A bigger barrier to the flow of information, Schwaitzberg says, is the current hodgepodge of incompatible information systems, many of which are designed for use only in a specific hospital or group of health centers.
Data for Sale?
If you are one of those people who worry that health-care providers will be tempted to sell your private medical information to the highest bidder, you should know that hospitals have an even more powerful incentive to keep that information under electronic lockdown. That incentive is called HIPAA, for the bipartisan Health Insurance Portability and Accountability Act, also known as the Kennedy-Kassebaum Act of 1996.
The act is designed to encourage the use of electronic transactions in health-care while safeguarding the security and confidentially of health information. According to the U.S. Department of Health and Human Services, most health insurers, pharmacies, doctors, and other health-care providers are required to comply with the standards.
Among other things the HIPAA rules are supposed to guarantee:
- Patient access to copies of their medical records within 30 days of request for identification of errors and mistakes the records.
- Notification of how personal health information may be used, and the right to restrict how that information is used, as well as limits imposed on providers. Under the rules, patients need to grant specific authorization for release of records to outside entities such as life insurers, banks, marketing firms, or other businesses.
- Prohibition on sharing of patient information by pharmacies, health plans, and others with marketing firms without the express consent of the patient.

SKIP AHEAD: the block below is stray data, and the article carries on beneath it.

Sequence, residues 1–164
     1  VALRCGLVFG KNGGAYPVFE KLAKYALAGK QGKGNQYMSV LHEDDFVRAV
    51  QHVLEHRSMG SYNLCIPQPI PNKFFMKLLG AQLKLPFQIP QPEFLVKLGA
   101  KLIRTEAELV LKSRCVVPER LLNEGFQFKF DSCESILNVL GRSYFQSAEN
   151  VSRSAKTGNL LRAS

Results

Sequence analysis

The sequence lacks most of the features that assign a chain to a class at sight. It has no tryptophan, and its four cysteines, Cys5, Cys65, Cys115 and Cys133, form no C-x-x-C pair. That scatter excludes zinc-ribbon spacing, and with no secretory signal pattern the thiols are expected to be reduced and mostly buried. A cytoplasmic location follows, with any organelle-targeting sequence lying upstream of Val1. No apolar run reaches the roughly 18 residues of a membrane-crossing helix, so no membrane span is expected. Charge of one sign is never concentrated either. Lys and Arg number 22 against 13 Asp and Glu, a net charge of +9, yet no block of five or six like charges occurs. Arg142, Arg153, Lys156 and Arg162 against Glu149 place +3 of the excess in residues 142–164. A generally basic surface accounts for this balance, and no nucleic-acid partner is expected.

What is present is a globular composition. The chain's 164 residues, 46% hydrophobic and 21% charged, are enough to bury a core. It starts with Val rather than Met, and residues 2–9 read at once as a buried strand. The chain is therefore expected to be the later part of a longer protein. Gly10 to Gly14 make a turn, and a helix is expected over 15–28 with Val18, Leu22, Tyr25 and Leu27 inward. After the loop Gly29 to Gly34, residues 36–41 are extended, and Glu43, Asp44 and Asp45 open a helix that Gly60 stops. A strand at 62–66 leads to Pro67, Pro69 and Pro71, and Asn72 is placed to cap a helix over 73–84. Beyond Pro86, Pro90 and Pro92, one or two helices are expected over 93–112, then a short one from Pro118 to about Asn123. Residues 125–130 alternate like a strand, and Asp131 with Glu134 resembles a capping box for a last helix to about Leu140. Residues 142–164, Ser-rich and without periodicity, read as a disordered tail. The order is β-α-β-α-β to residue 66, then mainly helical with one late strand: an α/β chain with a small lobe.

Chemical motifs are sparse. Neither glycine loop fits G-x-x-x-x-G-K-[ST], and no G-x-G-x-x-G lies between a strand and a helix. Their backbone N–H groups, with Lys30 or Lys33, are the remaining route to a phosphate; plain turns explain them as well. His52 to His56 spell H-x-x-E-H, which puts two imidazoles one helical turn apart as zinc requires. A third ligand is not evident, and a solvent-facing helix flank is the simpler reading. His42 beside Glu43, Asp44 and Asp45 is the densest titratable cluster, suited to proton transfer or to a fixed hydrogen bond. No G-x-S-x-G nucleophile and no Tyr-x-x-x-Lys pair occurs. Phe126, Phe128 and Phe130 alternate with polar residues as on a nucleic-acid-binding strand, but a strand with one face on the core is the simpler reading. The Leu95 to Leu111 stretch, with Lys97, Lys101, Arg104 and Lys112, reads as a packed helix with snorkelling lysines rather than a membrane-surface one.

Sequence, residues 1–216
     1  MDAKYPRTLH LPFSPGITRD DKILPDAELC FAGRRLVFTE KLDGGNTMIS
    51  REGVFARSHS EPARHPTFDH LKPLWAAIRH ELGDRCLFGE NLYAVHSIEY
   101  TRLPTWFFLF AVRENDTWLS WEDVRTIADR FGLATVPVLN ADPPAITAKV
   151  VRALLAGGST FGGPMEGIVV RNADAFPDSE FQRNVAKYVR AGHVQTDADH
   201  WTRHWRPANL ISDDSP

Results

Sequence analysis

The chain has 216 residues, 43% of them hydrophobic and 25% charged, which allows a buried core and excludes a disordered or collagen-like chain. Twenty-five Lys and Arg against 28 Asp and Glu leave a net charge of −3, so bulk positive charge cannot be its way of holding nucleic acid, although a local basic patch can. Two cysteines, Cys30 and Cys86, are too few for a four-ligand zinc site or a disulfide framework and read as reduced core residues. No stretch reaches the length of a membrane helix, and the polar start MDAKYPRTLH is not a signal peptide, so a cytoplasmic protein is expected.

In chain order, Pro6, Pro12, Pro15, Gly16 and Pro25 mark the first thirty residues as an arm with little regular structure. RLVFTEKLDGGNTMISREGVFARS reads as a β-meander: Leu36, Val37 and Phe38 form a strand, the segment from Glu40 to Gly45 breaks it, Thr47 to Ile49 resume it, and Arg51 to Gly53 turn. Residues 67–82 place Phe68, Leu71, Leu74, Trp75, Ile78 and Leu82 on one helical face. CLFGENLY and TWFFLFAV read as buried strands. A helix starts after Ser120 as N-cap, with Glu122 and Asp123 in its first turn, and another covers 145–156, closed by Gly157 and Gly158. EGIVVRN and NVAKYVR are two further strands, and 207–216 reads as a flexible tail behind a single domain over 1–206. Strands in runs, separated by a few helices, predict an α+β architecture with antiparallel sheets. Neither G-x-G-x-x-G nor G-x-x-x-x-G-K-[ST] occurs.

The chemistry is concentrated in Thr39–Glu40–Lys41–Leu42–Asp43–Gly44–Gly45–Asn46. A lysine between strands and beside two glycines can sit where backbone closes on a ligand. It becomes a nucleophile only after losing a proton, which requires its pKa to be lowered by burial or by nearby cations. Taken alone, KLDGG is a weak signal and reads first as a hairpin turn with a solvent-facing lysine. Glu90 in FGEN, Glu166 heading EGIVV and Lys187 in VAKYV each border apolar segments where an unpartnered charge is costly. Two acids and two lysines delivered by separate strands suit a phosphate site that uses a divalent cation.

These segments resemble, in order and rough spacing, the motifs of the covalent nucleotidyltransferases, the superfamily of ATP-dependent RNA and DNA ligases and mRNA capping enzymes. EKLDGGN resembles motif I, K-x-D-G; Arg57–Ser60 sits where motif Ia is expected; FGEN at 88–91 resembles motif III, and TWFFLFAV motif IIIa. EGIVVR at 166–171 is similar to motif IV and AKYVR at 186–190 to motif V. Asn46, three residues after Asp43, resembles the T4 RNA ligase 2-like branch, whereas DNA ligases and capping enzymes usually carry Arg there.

To put some teeth into the measure, Congress provided civil and criminal penalties for individuals or groups that misuse personal health information. Violations of patient civil rights are subject to penalties of up to $100 per violation for a maximum of $25,000 per year.
"Criminal penalties apply for certain actions such as knowingly obtaining protected health information in violation of the law. Criminal penalties can range up to $50,000 and one year in prison for certain offenses; up to $100,000 and up to five years in prison if the offenses are committed under 'false pretenses'; and up to $250,000 and up to 10 years in prison if the offenses are committed with the intent to sell, transfer or use protected health information for commercial advantage, personal gain or malicious harm," according to a fact sheet published by the HHS Office of Civil Rights.
Will all of these measures protect patient privacy? Maybe. But in any case, privacy has long been an uncertain commodity in American life. As Irish playwright and author George Bernard Shaw told a New York audience in 1933, long before the Internet was even dreamed of, "an American has no sense of privacy. He does not know what it means to. There is no such thing in the country."
Originally Published: September 2003